Volunteer service a personal passion for Marilyn Kingdon
After experiencing hearing loss while attending college, Marilyn Kingdon was driven to support others experiencing the same. Her efforts have earned her the 2022 Volunteer Service Award.
If you ask any dedicated volunteer what they get out of the experience, you’re likely to hear that the volunteer gains more than the organization they’re helping.
For Marilyn Kingdon (Bachelor of Professional Arts ‘17), Athabasca University’s 2022 Volunteer Service Alumni Award winner, this is especially true. Although she has volunteered with many different organizations, much of her work has been with the Canadian Hard of Hearing Association (CHHA)—a cause that hits close to home.
Having suffered from hearing loss herself and having a sister and mother who were both born without hearing, she knows first-hand the kinds of impacts it can have on a person’s life.
“I’ve been involved with the organization for so many years because of that, that passion and just wanting to provide what I could to make the world a better place for all of us, so that hearing loss becomes something that is not so invisible any longer,” she said.
“My parents led by example, in their service to others, because they were involved in local community organizations. And being from a farming community, they were always willing and able to help other families in need in the area. ”– Marilyn Kingdon, 2022 Volunteer Service Award winner
Volunteering with an impact
Kingdon got involved with the CHHA more than 3 decades ago when she was in Toronto, Ont., then moved to Edmonton, Alta., in the early 1990s and helped launch an Edmonton branch.
After retiring from a career as a governance specialist in 2018, she looked to get more involved at the national level and served as the president and chair of the board, participating in countless committees and fundraising events over the years.
She led the organization through some difficult times due to the COVID-19 pandemic and some internal challenges with CHHA. At one point she served as both interim executive director and chair of the board, covering both a governance and operational role at the same time.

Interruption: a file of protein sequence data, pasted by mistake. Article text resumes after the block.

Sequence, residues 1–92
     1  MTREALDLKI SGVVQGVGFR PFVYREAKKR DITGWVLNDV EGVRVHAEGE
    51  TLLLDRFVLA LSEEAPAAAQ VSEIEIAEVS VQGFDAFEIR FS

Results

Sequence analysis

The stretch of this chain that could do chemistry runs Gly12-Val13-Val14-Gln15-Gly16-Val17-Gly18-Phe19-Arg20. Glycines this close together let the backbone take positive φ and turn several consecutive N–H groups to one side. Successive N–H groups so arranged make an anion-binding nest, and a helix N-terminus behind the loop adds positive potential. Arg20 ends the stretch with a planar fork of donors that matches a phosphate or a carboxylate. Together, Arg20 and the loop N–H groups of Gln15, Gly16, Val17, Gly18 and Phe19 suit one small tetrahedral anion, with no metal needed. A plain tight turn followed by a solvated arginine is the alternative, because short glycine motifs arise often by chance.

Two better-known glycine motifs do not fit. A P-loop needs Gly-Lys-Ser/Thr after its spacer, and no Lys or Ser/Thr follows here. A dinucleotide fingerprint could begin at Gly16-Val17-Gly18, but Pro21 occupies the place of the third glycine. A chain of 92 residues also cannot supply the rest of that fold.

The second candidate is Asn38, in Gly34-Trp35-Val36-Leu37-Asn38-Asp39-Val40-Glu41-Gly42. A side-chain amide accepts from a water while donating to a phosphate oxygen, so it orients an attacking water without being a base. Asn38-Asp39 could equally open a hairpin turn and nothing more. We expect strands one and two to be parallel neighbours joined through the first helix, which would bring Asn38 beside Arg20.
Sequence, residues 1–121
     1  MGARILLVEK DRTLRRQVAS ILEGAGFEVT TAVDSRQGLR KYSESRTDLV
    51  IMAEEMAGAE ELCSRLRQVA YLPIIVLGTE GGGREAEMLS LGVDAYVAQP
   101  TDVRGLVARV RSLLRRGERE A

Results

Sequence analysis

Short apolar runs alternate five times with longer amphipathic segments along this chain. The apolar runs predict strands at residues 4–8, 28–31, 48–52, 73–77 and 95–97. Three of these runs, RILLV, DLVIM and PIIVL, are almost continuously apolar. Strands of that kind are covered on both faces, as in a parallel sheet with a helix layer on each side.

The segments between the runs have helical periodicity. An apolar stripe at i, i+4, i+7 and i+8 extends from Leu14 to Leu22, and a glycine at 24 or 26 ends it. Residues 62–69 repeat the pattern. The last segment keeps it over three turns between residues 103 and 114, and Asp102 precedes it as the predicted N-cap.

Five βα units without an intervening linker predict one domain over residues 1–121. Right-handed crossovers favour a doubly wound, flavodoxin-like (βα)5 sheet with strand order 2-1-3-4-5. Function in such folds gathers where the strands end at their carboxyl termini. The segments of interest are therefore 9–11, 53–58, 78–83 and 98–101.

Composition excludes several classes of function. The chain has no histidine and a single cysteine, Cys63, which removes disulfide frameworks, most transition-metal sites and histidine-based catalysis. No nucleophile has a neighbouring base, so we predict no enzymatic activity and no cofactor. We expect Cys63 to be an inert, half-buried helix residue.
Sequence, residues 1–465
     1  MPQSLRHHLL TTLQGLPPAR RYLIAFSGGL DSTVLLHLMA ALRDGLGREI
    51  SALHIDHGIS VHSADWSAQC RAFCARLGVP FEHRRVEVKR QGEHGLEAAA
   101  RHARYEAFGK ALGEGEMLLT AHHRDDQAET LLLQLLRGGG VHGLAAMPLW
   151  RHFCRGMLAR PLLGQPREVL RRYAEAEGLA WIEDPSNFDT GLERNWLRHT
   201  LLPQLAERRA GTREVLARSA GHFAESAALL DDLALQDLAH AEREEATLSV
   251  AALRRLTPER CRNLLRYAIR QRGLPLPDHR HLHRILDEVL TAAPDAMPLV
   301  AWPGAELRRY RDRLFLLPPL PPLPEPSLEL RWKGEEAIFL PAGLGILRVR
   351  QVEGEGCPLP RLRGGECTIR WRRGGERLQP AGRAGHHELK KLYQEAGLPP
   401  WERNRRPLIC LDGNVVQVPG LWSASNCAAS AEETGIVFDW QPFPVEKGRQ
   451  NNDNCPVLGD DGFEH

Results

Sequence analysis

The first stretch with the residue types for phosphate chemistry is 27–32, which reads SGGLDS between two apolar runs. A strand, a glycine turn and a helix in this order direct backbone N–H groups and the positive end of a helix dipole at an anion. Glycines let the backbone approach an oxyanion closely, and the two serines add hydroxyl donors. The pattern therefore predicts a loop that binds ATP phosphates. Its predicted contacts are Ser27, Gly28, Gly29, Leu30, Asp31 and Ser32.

In that time Kingdon supported the revitalization of the organization by amplifying the voices of the nearly 4 million Canadians who suffer from hearing loss. She also implemented a mentoring program to support those who are experiencing hearing loss and developing a youth leadership program to help integrate Canadians with hearing loss into the workforce.
To complicate things, her term ending in May 2022 covered the first 2 years of the COVID-19 pandemic—a time that was challenging for people with hearing loss, and also for the non-profit sector as a whole. The organization did earn some well-received publicity around the impact masks have on those with hearing loss with the Share Your Smile Campaign.
“We looked into how to make life easier for people with hearing loss and connected with a company that made clear masks, so that you could see the speaker’s lips. And so, we did a lot of publicity,” she said.
Inspired by personal experience
Kingdon’s passion for volunteering was inspired, at least in part, by her rural Saskatchewan upbringing and the values instilled in her: humanitarianism, honesty, integrity, and community service.
“My parents led by example, in their service to others, because they were involved in local community organizations,” she said. “And being from a farming community, they were always willing and able to help other families in need in the area.”
Kingdon also came to understand, from a very early age, the impact of hearing loss as both her mother and sister were born without hearing. Without assistive technology, it fell to her and the rest of the family to support her mother and sister, including helping translate when required.
It wasn’t until she was 17 years old, when she left home to attend a business college in North Battleford, Sask., that she began to experience hearing loss herself.